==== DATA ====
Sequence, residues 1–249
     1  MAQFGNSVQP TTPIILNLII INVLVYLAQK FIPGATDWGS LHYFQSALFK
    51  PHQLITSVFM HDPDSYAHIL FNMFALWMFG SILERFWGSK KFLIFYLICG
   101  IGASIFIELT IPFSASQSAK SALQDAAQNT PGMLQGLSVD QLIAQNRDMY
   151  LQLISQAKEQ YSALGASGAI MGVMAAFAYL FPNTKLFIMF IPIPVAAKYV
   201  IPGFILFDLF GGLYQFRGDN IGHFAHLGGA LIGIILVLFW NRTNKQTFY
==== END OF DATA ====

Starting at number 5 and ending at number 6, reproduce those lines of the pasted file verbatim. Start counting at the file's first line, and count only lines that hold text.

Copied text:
   151  LQLISQAKEQ YSALGASGAI MGVMAAFAYL FPNTKLFIMF IPIPVAAKYV
   201  IPGFILFDLF GGLYQFRGDN IGHFAHLGGA LIGIILVLFW NRTNKQTFY